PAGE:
There’s another crackdown. This time against language errors in the media and publishing industries. The government agency that oversees press and publications has declared that 2007 will be the Year for Quality Control in Publications. Apparantly they are alarmed at the increasing number of "grammatical and logical errors" that abound because "people are using popular slang words more often and paying less attention to formal grammar."
But here’s my favorite quote:
"President of China Redactalogical Society Gui Xiaofeng said the problem is becoming serious, almost unbearable. It’s in a worst period in history. "
Redactological Society? What in the world is a redactological society? Is there really such a word? After I stopped laughing at the sentence, I surfed on over to an online dictionary. Redactological is not listed, but redact is, and it means "to put into suitable literary form; to edit." Or "to prepare for publication or presentation by correcting, revising, or adapting." So it follows that "redactology" would be the study or science of doing all that above. Which sort of begs the question—shouldn’t they (members of the Redactological Society), of all people know that redactalogical is not a word, and therefore redact the name of their society to be something like Society of Editors? They obviously are in need of a redactor!
Sometimes I think we are in need of a redactological society for American English, and I’d love to serve as the president. As my teammates and colleagues will attest, I can sometimes be a bit of a language purist, …ok snob, and have been known to be sent into a blind rage during meetings when people, by my totally subjective standards misuse and abuse English. One that is unbearable for me is the use if "issue" as a synonym for problem. I’ve heard people start to say problem, then catch themselves, get a look of such guilt on their face you would think they’d uttered some dreadful racial slur, then say "issue." The one that I find particularly annoying is "health issues." What? Is there something to discuss here? Of course what’s being referred to is health problems, but we wouldn’t want "health" to feel bad now would we? Or "my car has issues." Shall we call a counselor? No, the back wheel fell off the car, which is really a problem! Another thing I find unbearable is the use of "onboard" as a verb, as in "we’ve got to onboard everyone to this new policy." My colleagues’ use of this invariably leads me to bang my fists on the table and shout ON BOARD IS A PREPOSITIONAL PHRASE, NOT A VERB!!!! Of course it has no effect, other than to set off a debate between the "language is dynamic and always changing" crowd and the "but there have to be some limits" crowd (well, that’s usually only me actually).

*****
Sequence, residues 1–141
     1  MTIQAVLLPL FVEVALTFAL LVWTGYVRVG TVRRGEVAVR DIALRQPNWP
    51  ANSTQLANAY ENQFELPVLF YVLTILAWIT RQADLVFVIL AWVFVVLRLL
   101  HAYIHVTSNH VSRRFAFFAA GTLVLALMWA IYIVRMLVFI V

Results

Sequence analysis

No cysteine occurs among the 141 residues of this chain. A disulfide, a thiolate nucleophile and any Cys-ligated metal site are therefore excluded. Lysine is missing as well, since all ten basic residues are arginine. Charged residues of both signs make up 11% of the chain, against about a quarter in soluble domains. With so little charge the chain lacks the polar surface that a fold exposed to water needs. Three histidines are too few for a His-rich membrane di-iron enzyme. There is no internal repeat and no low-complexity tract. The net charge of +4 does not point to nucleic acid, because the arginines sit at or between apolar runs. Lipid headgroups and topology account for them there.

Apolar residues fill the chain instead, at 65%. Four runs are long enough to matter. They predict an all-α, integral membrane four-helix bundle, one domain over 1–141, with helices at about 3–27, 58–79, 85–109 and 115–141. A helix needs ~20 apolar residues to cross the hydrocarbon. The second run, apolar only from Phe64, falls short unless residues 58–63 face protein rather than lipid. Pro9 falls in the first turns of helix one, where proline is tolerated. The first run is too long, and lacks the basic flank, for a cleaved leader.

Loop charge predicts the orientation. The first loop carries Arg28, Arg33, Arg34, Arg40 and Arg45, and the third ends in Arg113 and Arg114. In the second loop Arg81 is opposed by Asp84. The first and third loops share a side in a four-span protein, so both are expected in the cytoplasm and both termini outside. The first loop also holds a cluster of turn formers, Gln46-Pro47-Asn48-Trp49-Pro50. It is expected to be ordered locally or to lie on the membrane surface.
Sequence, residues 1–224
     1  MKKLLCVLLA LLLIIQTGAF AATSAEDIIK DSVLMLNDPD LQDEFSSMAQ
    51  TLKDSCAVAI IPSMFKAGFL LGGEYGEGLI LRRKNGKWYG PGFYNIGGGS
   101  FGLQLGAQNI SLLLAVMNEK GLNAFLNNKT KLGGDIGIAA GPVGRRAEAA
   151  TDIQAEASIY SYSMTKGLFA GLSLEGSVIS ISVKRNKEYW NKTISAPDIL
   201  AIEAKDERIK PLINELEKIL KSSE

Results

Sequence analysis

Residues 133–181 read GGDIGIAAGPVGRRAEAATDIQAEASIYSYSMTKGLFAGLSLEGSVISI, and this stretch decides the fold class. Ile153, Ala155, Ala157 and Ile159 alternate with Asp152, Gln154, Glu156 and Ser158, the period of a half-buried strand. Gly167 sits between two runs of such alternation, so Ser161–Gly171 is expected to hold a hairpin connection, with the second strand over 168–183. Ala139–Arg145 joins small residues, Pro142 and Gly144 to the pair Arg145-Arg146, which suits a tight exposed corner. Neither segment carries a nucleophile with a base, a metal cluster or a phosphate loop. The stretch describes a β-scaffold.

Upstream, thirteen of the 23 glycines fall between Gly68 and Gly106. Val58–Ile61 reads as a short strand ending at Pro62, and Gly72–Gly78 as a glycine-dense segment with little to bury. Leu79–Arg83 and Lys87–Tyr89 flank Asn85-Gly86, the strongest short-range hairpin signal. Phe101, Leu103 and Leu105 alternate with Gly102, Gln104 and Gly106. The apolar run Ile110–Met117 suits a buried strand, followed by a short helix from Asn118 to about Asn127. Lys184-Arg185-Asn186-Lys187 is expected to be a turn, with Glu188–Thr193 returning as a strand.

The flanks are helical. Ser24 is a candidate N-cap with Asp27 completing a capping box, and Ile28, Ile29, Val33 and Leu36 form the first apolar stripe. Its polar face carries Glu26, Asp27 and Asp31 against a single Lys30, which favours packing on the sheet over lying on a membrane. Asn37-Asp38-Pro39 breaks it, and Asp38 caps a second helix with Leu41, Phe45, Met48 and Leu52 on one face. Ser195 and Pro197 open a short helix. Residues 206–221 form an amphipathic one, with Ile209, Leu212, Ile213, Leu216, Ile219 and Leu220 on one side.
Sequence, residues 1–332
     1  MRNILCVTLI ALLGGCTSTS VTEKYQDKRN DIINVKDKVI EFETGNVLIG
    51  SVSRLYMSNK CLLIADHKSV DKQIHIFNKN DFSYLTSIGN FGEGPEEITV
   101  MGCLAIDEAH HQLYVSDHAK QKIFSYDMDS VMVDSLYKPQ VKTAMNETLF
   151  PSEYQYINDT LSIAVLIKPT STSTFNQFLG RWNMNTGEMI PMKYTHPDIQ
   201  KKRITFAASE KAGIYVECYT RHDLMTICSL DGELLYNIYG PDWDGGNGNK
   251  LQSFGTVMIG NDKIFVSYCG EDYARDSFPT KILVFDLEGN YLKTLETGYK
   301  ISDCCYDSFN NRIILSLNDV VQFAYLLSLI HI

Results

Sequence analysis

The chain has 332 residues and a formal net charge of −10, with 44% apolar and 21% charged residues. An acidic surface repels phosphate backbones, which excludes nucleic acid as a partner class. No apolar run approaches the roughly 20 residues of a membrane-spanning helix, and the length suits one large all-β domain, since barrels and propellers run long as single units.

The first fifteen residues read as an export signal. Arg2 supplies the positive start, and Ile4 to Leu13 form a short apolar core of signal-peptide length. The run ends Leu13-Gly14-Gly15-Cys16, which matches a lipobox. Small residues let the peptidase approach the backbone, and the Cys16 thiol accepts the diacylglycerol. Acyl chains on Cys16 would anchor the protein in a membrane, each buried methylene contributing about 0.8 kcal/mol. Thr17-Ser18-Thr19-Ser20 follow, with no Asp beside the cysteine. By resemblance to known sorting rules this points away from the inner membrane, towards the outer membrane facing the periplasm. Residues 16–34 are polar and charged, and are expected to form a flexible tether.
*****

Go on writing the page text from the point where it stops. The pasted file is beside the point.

OK, OK, I admit it’s all subjective, and I can be as guilty as the next person. In my organization I am often called upon to "prepare for publication or presentation by correcting, revising, or adapting" various public documents. What I’m doing, of course, is redacting (that’s a real word, remember). But for some reason, we call it "wordsmithing," which of course is not a word. "Wordsmith" is a noun, not a verb. But for some reason, I don’t find this unbearable!
That’s why I want to be the President of the Redactological Society. So I can be the one to decide what is bearable and what is unbearable. It would make life so much easier.